PROTEST calls for politicians to 'legalise nature'.
Bratislavans march for legalisation of marijuana
THE FIRST ever march in favour of legalising marijuana attracted hundreds of mainly young people to the streets of the country's capital city on May 3.
The march was part of a global event called Million Marijuana March 2003.
Organisers of the event said they wanted to protest against the criminalisation of what they said was a soft drug. They also wanted to point out that the weed could be useful in medicine, the beauty industry, and other sectors.
Coordinated by the US-based Cures Not Wars organisation, the march took place in about 200 towns and cities around the world.
Waiters run with drinks in annual race
BRATISLAVA's streets were full of running waiters on May 1 when they met for an annual race.
Fifteen pairs of professional waiters took part in the competition, during which they had to run around the old town starting and finishing at the Hviezdoslavovo square.
Ľuboš Tvrdoň, the main organiser of the event, said that similar competitions were held in neighbouring Vienna, and London.
Waiters from Bratislava's Steam and Coffee restaurant came first in the race.
COULD Adriana Sklenaříková and Christian Karembeu produce a long-legged soccer superstar?
Supermodel's mom has 3G hopes
ZLATICA Sklena€íková, the mother of supermodel Adriana Sklena€íková, said it was about time she became a grandmother.
Adriana Sklena€íková, 32, became world-famous in the mid 1990s because of her extremely long legs and later attracted the lust of millions of men when she became a Wonderbra girl. As her exclusive deal with Wonderbra nears an end, Adriana's mother hopes her daughter will decide to have babies at last.
"After all, it is high time for Adriana to become a mother," Zlatica Sklena€íková told the daily Nový čas. In addition to being the beauty's mom, Zlatica is a physician in central Slovakia's Banská Bystrica.
Adriana Sklena€íková is married to French football ace Christian Karembeu. It is not known whether the couple plans to have children soon, but it is clear that if it was down to Sklena€íková's mother, they would not wait any longer.
"I cannot wait for a baby. May it come as soon as possible," the hopeful grandmother said.
Priest blesses cars for safe journey
A PRIEST has blessed more than 50 cars in an annual ceremony that is believed to protect the vehicles from accidents all year round.
Following Sunday mass on May 4, priest Marián Prachár went out to the parking lot near his church in the western Slovak village Veľké Ripňany and blessed the vehicles by making a symbolic cross over the cars and saying, "May God protect these cars."
Later Prachár distributed stickers depicting Saint Christopher, the patron saint of drivers, to the cars' owners.
The priest started blessing cars six years ago after noticing that the number of cars had risen considerably since the fall of the communist regime.
"It is quite common that people abroad have their cars blessed, and the tradition caught on well here too," Prachár told the daily SME.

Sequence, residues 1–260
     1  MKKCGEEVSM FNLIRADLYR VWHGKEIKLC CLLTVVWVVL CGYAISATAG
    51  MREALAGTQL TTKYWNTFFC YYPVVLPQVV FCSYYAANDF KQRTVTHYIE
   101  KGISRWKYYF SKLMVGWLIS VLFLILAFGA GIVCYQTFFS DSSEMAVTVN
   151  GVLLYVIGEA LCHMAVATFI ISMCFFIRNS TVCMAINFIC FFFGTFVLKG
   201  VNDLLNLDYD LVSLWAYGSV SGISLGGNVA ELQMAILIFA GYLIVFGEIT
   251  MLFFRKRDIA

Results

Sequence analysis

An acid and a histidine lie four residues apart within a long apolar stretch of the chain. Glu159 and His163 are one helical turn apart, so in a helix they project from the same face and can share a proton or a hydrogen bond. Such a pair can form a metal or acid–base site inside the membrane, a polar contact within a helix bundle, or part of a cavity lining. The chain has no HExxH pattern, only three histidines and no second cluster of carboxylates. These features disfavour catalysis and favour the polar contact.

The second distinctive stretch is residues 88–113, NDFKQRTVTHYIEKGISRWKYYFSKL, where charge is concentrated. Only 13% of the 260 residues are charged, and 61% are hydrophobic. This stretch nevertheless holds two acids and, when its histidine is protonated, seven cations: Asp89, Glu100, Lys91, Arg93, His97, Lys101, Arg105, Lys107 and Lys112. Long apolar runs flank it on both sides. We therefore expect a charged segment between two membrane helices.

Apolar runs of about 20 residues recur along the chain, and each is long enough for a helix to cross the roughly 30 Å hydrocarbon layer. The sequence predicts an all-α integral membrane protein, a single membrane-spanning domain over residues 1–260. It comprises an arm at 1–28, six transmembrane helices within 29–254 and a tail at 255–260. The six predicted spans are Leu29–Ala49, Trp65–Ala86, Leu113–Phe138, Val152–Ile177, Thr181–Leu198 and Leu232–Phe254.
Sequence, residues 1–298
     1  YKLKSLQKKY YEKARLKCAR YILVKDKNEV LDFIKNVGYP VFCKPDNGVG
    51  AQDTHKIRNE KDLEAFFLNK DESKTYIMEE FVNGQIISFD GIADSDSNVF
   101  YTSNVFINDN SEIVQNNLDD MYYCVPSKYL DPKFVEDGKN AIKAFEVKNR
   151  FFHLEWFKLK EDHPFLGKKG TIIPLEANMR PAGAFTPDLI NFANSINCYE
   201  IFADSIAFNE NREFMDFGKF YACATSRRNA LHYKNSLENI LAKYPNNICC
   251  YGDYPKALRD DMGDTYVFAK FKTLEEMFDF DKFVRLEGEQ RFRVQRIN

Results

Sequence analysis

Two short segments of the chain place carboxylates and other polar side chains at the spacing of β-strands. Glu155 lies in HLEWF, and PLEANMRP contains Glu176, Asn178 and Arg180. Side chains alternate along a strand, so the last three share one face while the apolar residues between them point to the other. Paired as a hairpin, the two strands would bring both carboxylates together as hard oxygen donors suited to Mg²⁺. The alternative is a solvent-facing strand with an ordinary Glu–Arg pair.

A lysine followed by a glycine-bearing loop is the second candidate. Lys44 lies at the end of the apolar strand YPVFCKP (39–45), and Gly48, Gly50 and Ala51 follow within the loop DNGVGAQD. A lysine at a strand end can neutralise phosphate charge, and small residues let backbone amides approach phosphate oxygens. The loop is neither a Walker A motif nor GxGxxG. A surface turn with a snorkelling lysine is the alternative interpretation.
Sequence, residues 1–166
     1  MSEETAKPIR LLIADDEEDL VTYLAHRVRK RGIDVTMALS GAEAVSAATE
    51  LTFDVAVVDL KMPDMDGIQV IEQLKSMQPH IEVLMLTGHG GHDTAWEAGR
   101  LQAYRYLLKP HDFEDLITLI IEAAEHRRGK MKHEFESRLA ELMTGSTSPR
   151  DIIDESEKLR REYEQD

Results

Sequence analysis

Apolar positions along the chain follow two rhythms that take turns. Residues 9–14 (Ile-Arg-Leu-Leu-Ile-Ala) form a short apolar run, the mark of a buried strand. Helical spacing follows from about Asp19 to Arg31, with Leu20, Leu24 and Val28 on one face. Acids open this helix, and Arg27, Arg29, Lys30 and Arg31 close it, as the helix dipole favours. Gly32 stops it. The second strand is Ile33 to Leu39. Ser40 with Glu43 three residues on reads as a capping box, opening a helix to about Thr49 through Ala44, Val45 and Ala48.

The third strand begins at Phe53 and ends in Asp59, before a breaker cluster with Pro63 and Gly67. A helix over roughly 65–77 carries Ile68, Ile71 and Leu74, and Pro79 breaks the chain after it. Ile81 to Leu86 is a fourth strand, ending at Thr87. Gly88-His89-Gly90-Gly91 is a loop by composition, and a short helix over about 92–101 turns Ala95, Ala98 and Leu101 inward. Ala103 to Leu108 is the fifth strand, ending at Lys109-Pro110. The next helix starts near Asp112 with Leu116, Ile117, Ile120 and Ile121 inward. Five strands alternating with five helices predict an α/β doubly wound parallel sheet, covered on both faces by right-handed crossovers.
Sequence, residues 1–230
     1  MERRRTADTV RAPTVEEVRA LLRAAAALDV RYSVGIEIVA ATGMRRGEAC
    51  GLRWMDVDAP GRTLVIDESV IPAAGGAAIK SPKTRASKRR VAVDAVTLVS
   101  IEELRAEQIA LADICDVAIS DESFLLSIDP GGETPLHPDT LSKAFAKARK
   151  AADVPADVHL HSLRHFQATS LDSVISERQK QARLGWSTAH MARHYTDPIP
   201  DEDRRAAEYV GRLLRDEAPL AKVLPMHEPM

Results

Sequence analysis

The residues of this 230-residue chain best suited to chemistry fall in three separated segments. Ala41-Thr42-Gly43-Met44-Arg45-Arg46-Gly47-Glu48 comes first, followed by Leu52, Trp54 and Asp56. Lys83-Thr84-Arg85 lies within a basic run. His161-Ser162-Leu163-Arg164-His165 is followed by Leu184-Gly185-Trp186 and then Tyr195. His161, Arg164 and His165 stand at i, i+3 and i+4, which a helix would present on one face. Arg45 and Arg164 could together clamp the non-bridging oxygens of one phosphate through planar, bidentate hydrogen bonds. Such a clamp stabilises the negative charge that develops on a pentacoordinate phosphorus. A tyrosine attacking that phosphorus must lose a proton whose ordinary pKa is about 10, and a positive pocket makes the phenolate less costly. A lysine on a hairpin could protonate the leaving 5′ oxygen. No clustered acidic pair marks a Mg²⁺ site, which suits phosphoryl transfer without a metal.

Tibor Meres, a driver who had his car blessed for the second time, said the ceremony worked well for him.
"The blessing of a car is a symbolic wish for safety on the road. I drive 40,000 kilometres per year, at home and abroad. But I have only had one small accident, when I was reversing my car into the garage," Meres said.
Tornado sweeps town
INHABITANTS of the eastern city of Prešov were terrified when they saw an approaching tornado that tore roofs down, broke windows, and trees as it proceeded through parts of the town.
The tornado appeared on the afternoon of May 3, and although it took only about two minutes to calm down, locals were appalled by the wind's strength.
"So far I have only seen something like this in US movies," said one Prešov resident.
No one was hurt in the unexpected tornado, but several roofs, cars, electricity poles, and even interiors of some flats and houses have been destroyed.
'OBSCENE' joke sign could lead to a large fine.
Slovak version of Hollywood sign removed
A RACY version of the massive Hollywood billboard in Los Angeles was erected on a hill just outside the northern Slovak town of Žilina. According to police it had to be removed due to the obscenity it spelled out.
Some locals were shocked, others amused at seeing Holý úd (naked penis) spelled out in large letters above the city on the morning of April 30. At first glance the inscription looked almost identical to the big letters on the Hollywood hill.
One Czech tourist told the daily Nový čas: "They should have left it there. It's a great way of attracting tourists."
According to Radovan Kyselica, a regional police spokesman, the 5-metre-high letters were made out of cardboard and were tied to small bushes.
Police suspect that some university students were responsible for the act because student dormitories are nearby. If found, the culprits could face a fine of up to Sk5,000 (€125).
Birthday man survives jump from balcony
WHILE CELEBRATING his 59th birthday, a man from the western Slovak town of Trenčín jumped from his balcony on the seventh floor of a block of flats.
The man's fall was stopped suddenly when he managed to grab on to the railing of a sixth-floor balcony, where he hung until the police and firemen saved him.
It remains unclear why Peter D. attempted this stunt during his birthday celebration. The police believe he wanted to commit suicide, although the reasons remain unknown.
12. May 2003 at 0:00